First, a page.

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He ceased. Erelong the sun declining shot A slant and mellow radiance, which began To fall upon us, while, beneath the trees, We sat on that low bench : and now we felt, Admonished thus, the sweet hour coming on. A linnet warbled from those lofty elms, A thrush sang loud, and other melodies, At distance heard, peopled the milder air. The old Man rose, and, with a sprightly mien Of hopeful preparation, grasped his staff: Together casting then a farewell look Upon those silent walls, we left the shade ; And, ere the stars were visible, had reached A village inn, — our evening resting-place.
The Author describes his travels with the Wanderer, whose character is further illustrated. — Morning scene, and view of a Village Wake. — Wanderer's account of a Friend whom he purposes to visit. — View, from an eminence, of the Valley which his Friend had chosen for his retreat. — Sound of singing from below. – A Funeral Procession. – Descent into the Valley. — Observations drawn from the Wanderer at sight of a Book accidentally discovered in a recess in the Valley. – Meeting with the Wanderer's Friend, the Solitary. — Wanderer's description of the mode of Burial in this mountainous district. - Solitary contrasts with this, that of the individual carried a few minutes before from the Cottage. — The Cottage entered.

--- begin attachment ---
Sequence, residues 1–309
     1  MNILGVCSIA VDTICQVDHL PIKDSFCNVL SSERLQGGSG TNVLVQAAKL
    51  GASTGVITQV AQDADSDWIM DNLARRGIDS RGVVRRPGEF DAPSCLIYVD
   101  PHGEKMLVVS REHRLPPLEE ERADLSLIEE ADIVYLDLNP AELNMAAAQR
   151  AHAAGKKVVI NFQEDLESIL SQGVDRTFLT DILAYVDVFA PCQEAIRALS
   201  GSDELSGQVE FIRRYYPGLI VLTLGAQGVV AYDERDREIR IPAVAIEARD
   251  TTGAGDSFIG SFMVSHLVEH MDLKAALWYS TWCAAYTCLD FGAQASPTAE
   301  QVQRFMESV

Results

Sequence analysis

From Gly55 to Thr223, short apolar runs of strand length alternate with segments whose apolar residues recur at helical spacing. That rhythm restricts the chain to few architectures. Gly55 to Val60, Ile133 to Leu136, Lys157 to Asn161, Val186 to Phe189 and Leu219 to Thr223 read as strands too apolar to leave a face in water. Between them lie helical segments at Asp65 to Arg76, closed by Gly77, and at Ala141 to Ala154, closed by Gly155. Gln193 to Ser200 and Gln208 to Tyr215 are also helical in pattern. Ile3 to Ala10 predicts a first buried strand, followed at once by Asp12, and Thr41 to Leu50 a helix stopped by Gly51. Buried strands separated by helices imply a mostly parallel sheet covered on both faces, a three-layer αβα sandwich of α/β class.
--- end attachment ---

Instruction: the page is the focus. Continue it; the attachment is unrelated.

- Description of the Solitary's apartment. — Repast there. View, from the window, of two mountain summits; and the Solitary's description of the companionship they afford him.Account of the departed inmate of the Cottage. — Description of a grand spectacle upon the mountains, with its effect upon the Solitary's mind. - Leave the House.
In days of yore how fortunately fared